E1055. A Closer Look into Pediatric Presacral Masses: Differential Diagnosis Along With MRI Features
  1. Sonay Aydin; Erzincan University
  2. Berna Ucan; Etlik City Hospital
  3. Bunyamin Ece; Kastamonu University
  4. Suat Fitoz; Ankara University
  5. Cigdem Uner; Etlik City Hospital
  6. Mecit Kantarci; Erzincan University; Erzurum University
Developmentally, the presacral space is a complex compartment containing derivatives of numerous types of primordial germ cells. As a consequence, it contains a number of structures, such as vascular structures, neural elements, lymph nodes, fat, skeletal and smooth muscles, and other mesenchymal derivatives, which serve as the source of a wide variety of tumors. As previously reported in the medical literature, the incidence of presacral tumors ranges from 1.4 to 6.3 cases per year, and they are typically diagnosed in patients between 30 and 50 years of age. The incidence of pediatric presacral masses is even lower. The majority of presacral lesions are benign and congenital.

Educational Goals / Teaching Points
The primary objective of the current educational exhibit is to describe a method for evaluating presacral masses on imaging by paying close attention to imaging characteristics, thereby enabling the differential diagnosis of these masses to be refined. Describe in detail clinically significant characteristics that may influence biopsy or surgical approach and of which the radiologist must be aware. A literature review was conducted on the diagnosis and treatment of presacral masses, with a focus on specific characteristics that may aid in refining the differential diagnosis of these masses.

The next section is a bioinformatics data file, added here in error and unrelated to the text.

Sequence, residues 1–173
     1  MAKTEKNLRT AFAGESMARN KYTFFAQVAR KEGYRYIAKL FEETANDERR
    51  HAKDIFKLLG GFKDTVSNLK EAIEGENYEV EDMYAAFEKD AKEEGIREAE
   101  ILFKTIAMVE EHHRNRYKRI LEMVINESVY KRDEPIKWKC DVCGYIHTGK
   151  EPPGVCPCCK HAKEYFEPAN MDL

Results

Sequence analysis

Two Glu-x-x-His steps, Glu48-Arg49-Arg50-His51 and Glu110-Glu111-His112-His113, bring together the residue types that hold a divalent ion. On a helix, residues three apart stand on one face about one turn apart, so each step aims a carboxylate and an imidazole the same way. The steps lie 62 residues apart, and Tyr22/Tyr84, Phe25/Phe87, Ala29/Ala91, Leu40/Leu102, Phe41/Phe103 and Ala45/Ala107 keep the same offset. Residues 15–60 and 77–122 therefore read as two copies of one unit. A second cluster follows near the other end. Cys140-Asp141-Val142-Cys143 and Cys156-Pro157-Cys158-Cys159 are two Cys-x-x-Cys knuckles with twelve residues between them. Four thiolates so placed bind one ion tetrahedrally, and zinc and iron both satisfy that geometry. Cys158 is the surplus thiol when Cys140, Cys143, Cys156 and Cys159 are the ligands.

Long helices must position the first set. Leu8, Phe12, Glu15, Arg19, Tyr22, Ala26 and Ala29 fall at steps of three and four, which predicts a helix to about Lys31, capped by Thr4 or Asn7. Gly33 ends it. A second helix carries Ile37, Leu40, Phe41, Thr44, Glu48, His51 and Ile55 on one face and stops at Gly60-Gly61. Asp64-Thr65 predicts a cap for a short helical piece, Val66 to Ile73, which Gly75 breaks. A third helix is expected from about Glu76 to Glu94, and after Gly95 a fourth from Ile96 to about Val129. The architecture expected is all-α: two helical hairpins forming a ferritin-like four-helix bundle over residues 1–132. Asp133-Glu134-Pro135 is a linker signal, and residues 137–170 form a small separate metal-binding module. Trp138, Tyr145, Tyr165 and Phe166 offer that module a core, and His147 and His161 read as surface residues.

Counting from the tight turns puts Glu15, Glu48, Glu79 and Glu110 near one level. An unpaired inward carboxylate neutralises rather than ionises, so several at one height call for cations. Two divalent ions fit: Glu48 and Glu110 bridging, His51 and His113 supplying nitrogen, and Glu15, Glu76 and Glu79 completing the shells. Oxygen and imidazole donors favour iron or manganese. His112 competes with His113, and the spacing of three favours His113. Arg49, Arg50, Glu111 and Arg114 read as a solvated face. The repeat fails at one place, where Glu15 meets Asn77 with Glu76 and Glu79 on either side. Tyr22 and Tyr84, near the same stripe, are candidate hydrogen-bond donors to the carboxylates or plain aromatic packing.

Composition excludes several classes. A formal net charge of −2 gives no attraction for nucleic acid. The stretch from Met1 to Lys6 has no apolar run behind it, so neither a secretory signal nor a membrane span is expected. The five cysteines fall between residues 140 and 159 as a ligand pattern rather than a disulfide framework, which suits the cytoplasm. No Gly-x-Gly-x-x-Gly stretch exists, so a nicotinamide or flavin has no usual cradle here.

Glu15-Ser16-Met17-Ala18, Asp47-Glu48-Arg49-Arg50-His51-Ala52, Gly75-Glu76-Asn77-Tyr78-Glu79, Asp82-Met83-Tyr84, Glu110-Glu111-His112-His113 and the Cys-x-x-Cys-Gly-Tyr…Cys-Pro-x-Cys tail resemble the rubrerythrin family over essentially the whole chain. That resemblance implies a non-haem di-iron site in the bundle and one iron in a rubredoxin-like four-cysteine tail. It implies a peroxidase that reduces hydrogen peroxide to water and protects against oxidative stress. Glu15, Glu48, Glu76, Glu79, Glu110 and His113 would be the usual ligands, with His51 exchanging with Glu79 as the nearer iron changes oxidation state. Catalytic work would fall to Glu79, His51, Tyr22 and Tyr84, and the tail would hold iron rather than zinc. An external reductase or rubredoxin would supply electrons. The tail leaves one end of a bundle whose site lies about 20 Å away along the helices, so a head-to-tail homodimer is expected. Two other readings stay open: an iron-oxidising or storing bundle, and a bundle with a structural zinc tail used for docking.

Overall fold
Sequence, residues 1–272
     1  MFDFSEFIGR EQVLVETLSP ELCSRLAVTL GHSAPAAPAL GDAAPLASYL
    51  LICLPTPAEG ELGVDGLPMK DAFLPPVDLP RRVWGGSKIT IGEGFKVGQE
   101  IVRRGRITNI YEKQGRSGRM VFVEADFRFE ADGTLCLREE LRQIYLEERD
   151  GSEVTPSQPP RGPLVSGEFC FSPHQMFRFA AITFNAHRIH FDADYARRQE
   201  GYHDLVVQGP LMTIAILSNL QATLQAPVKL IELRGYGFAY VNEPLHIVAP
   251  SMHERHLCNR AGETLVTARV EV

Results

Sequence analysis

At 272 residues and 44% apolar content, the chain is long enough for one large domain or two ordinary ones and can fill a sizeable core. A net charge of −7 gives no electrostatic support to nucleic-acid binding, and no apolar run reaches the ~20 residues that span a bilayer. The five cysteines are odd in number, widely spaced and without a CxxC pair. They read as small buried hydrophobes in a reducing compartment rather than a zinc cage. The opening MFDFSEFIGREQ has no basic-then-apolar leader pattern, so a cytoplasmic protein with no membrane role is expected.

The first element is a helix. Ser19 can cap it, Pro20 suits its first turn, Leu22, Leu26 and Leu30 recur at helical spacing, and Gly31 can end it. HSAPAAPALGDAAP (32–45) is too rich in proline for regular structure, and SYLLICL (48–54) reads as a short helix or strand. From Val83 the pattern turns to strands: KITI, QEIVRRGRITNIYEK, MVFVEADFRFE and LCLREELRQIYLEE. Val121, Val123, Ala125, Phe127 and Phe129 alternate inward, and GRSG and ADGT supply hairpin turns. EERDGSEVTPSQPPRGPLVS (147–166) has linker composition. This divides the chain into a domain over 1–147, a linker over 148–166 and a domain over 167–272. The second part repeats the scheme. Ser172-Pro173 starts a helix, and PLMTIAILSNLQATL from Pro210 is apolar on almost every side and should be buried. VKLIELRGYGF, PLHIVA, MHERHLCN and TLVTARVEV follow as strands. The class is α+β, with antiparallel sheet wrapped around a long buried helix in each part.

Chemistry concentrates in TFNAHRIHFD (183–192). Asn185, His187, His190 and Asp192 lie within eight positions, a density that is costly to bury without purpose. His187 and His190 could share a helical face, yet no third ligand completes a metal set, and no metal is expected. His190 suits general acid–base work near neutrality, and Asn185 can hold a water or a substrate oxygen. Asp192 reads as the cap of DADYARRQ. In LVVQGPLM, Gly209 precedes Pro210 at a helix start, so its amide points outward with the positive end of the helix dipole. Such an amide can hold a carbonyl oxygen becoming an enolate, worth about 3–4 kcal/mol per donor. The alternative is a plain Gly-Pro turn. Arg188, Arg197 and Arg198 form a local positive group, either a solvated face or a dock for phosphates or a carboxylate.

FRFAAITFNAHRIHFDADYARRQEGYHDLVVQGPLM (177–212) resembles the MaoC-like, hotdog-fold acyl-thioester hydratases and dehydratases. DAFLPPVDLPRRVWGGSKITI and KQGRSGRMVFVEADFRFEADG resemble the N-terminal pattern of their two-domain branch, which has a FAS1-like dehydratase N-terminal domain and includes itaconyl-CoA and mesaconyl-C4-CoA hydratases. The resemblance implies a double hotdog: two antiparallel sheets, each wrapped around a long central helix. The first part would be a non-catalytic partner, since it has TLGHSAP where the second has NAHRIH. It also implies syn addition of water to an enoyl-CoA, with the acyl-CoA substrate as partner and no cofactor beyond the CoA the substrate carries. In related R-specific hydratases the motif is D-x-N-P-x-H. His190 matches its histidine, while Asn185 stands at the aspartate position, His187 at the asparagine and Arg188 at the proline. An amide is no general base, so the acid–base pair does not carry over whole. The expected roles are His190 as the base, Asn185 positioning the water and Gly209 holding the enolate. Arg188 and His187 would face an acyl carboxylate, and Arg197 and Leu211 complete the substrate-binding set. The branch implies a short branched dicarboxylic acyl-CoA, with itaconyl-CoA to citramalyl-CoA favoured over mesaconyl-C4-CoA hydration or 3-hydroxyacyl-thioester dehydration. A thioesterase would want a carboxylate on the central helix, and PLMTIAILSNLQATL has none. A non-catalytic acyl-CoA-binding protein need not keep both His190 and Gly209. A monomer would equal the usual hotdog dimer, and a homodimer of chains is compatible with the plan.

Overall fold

Key Anatomic/Physiologic Issues and Imaging Findings/Techniques
The presacral space is an extraperitoneal potential space between the sacrum and the upper two-thirds of the rectum. The anterior retrorectal and posterior presacral spaces can be subdivided from the retrorectal space by the presacral fascia. In children, the presacral region can be affected by a variety of masses. The origin of a presacral mass may be congenital, developmental, or inflammatory. The mass can have neural, vascular, lymphatic, or mesenchymal origins and can be either primary (as in focal disease) or systemic (as in multifocal disease). In the evaluation of presacral lesions, CT and MRI scans are now utilized in a complementary fashion. A CT scan can be used to determine whether a lesion is solid or cystic, to evaluate cortical bone destruction, and to determine whether adjacent viscera are involved. MRI assists in determining the planes of resection, spatial relationship to adjacent structures, associated cord abnormalities, and bone marrow involvement extent.

As the clinical manifestations of presacral masses are frequently nonspecific, imaging plays a crucial role in their detection and differentiation. Imaging information is also indispensable for administration, particularly surgical planning. For these reasons, it is crucial that radiologists understand the anatomy of the presacral region and the imaging characteristics of the numerous lesions that can occur in this region in children. For accurate interpretation of findings, radiologists must also be familiar with the specific benefits and limitations of each imaging modality used to evaluate this class of abnormalities.